If you have a specific customer or customer case in mind, I encourage you to use it, but it is not a must. You will recognize that you have valid answers for some of the questions – based on your experience or data -, but several details are to be improvised based on fantasy or gut feeling. Don’t think too much about your answers, just say what pops into your mind. For example, I definitely will ask for the persona’s name: just tell a name, don’t worry, nothing is set in stone, we can adjust everything later. Everything is clear? Can we start?

2. Warmup for the role / role interview

In psychodrama, there is a continuum describing the immersion into roleplay. One can play the role without any empathy (role taking) and with real immersion (role creating). Of course the goal here is to help the protagonist (the one who is playing the persona) to get playful, spontaneous and to really act, feel, and think like the imaginary character. Real immersion brings the best insights (and is the source of serious fun).

Good morning Ms! How are you? 

Thank you so much for your time and effort to participate in our research as a client of XY company. I will ask you a few questions about yourself and your thoughts about the product, but it really won’t take more than 20 minutes. If there are any uncomfortable questions, just tell me to skip those. I hope this interview will not only be useful for us, but enjoyable for you too. Do you have any questions about this? Can we start?

If she has questions now, consider it a good sign because it shows that she has already started to feel and create the role. How she behaves is already useful info regarding the personality of the persona. 

To start, I will ask you some simple and short questions about you. 

Here comes a list of short, fast Q&A, mostly about demographic information. Name, address, family status, living conditions, workplace, position, maybe some working history etc. 

Although you’re just searching for basic data, you can also make this part conversational. If she says she is living in Ohio, you might chip in and say “Oh! It is such a nice place, I lived there for five years!” Or if she has four kids, don’t hesitate to say ‘Wow, four kids?! And if you have time for a conversational interview like this. You gotta know something: If you want her to play, create the atmosphere by being playful yourself.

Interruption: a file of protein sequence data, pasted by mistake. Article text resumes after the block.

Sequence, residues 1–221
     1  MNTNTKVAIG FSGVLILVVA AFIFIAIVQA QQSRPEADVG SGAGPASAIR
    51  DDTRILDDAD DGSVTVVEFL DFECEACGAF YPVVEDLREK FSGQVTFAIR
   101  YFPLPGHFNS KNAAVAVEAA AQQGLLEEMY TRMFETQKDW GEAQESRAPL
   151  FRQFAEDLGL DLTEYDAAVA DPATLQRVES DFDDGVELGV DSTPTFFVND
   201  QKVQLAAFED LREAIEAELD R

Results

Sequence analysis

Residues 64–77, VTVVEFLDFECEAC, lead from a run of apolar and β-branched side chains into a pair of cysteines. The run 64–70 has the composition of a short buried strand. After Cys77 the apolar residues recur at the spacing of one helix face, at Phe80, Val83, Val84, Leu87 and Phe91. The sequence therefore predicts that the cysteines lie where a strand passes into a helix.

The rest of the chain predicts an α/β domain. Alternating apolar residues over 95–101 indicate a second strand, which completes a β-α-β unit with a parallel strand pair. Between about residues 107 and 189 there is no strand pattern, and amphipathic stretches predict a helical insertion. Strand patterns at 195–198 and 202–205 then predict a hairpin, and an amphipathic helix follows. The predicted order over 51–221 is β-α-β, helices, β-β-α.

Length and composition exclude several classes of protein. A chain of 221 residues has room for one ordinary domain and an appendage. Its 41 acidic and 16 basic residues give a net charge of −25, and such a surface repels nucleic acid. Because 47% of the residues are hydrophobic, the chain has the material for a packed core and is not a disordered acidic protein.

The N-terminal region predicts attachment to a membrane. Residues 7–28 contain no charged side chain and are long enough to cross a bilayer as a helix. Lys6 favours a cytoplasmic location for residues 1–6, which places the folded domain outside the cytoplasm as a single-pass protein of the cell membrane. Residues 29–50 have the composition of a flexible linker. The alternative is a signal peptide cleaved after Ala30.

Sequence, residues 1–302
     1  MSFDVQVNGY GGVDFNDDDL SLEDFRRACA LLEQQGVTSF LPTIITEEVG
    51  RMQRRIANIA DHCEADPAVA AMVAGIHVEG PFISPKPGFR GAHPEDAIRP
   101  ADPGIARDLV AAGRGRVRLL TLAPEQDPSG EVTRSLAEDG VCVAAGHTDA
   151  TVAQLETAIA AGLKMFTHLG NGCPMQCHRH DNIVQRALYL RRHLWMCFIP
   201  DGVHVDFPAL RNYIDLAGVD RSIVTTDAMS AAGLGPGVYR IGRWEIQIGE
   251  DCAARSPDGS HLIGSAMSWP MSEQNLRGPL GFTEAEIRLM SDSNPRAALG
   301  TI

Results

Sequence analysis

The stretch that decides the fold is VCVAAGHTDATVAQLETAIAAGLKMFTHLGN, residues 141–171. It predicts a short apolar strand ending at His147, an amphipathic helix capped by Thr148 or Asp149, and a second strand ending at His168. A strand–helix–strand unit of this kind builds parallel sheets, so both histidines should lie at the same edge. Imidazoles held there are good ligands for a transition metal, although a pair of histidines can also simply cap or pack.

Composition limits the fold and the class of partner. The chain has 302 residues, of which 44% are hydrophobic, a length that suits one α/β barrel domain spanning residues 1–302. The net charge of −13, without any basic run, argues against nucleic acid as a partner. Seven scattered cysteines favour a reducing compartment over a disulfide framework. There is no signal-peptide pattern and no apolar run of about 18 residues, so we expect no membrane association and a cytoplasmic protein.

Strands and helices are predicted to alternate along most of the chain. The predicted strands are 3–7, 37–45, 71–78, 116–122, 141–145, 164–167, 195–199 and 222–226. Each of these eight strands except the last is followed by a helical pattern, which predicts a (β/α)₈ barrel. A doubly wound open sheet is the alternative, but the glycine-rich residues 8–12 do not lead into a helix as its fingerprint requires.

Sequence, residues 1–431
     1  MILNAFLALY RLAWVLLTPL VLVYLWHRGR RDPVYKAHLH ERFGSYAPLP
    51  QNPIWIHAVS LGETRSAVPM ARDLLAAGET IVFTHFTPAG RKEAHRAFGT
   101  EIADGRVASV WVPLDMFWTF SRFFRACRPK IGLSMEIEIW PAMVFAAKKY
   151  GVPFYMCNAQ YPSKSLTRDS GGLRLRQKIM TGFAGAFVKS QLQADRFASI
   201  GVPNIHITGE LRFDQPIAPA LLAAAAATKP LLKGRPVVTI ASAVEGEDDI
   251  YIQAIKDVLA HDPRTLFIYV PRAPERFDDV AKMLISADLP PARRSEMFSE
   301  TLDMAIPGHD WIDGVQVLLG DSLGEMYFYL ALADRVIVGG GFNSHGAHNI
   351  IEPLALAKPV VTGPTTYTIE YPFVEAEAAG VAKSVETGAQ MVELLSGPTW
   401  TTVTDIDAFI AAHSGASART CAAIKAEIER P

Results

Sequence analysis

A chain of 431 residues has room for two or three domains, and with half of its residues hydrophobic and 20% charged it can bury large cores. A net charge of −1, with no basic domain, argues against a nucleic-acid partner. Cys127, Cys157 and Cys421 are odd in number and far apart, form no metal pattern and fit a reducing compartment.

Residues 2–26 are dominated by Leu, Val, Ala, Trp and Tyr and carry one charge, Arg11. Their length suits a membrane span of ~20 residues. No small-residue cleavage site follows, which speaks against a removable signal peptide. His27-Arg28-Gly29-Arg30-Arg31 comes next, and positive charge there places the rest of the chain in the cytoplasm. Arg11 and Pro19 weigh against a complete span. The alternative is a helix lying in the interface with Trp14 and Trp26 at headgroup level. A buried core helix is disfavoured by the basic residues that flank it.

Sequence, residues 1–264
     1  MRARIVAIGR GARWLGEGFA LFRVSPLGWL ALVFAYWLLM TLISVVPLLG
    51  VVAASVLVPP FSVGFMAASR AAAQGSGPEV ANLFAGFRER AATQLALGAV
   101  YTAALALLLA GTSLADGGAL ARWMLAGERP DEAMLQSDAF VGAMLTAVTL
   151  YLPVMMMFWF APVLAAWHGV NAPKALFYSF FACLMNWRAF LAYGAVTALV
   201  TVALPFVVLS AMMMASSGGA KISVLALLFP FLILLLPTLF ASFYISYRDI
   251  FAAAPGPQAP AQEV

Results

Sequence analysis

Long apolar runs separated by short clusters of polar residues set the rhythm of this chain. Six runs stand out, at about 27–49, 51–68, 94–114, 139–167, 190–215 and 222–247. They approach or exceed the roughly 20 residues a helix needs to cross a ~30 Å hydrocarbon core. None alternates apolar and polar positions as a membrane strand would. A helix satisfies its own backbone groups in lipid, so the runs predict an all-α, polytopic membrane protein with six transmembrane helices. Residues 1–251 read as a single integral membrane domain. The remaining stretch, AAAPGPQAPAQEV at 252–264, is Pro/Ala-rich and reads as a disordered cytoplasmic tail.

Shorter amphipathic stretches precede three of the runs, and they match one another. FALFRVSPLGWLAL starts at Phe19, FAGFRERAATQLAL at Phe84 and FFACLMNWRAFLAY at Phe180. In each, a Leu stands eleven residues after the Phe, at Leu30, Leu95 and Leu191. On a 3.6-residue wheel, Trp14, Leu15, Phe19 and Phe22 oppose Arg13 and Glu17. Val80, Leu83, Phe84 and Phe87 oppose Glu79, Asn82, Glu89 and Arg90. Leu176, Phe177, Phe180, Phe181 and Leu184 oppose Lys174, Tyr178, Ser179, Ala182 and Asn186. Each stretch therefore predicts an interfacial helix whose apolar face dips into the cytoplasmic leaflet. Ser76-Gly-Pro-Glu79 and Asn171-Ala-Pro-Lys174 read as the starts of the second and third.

The faster and more natural the answer comes, the better your interviewee takes (plays or creates) the role. If you feel she needs more help, you can always ask some more warm up questions, like: 

  • What are you doing, how was your day before we met?
  • Describe yourself in three words / sentences. Tell me your best skills and some areas you’d like to improve in. 

3. The customer interview

Here you can ask questions as if you are in a real interview, including: 

General questions:

  • Tell us about your day! What’s a typical day like for you?
  • What do you like in your work / life? What are your hardships or pain points? Can you tell me an example?
  • What skills do you think you need to be outstanding in your job / field?
  • How do you see yourself in five years? What do you want to accomplish? What are your short term goals?

Questions connected to your business:

  • What do you know about X (the product or service) in general?
  • How do you know about our business? How was your first connection to us?
  • What do you think about our product? Tell me three words to describe it! What does it mean for you?